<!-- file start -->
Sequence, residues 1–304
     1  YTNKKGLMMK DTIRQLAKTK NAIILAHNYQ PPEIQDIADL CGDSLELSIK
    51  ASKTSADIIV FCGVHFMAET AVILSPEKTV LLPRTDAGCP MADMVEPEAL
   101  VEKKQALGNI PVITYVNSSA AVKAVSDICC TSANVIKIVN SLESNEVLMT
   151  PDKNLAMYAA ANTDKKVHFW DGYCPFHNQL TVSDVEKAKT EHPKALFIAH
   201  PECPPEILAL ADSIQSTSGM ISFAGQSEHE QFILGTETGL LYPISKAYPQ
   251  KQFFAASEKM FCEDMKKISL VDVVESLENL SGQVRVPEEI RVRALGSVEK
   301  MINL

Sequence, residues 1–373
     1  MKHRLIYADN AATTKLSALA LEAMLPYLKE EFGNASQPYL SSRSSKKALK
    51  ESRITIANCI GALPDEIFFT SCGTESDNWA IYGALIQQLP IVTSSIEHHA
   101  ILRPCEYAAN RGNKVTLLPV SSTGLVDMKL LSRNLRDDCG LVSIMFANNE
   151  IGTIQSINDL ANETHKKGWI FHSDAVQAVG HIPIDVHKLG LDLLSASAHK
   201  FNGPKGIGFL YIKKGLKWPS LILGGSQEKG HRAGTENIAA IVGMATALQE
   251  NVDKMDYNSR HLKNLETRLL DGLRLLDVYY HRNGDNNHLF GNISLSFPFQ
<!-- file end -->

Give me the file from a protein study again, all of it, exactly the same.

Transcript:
Sequence, residues 1–304
     1  YTNKKGLMMK DTIRQLAKTK NAIILAHNYQ PPEIQDIADL CGDSLELSIK
    51  ASKTSADIIV FCGVHFMAET AVILSPEKTV LLPRTDAGCP MADMVEPEAL
   101  VEKKQALGNI PVITYVNSSA AVKAVSDICC TSANVIKIVN SLESNEVLMT
   151  PDKNLAMYAA ANTDKKVHFW DGYCPFHNQL TVSDVEKAKT EHPKALFIAH
   201  PECPPEILAL ADSIQSTSGM ISFAGQSEHE QFILGTETGL LYPISKAYPQ
   251  KQFFAASEKM FCEDMKKISL VDVVESLENL SGQVRVPEEI RVRALGSVEK
   301  MINL

Sequence, residues 1–373
     1  MKHRLIYADN AATTKLSALA LEAMLPYLKE EFGNASQPYL SSRSSKKALK
    51  ESRITIANCI GALPDEIFFT SCGTESDNWA IYGALIQQLP IVTSSIEHHA
   101  ILRPCEYAAN RGNKVTLLPV SSTGLVDMKL LSRNLRDDCG LVSIMFANNE
   151  IGTIQSINDL ANETHKKGWI FHSDAVQAVG HIPIDVHKLG LDLLSASAHK
   201  FNGPKGIGFL YIKKGLKWPS LILGGSQEKG HRAGTENIAA IVGMATALQE
   251  NVDKMDYNSR HLKNLETRLL DGLRLLDVYY HRNGDNNHLF GNISLSFPFQ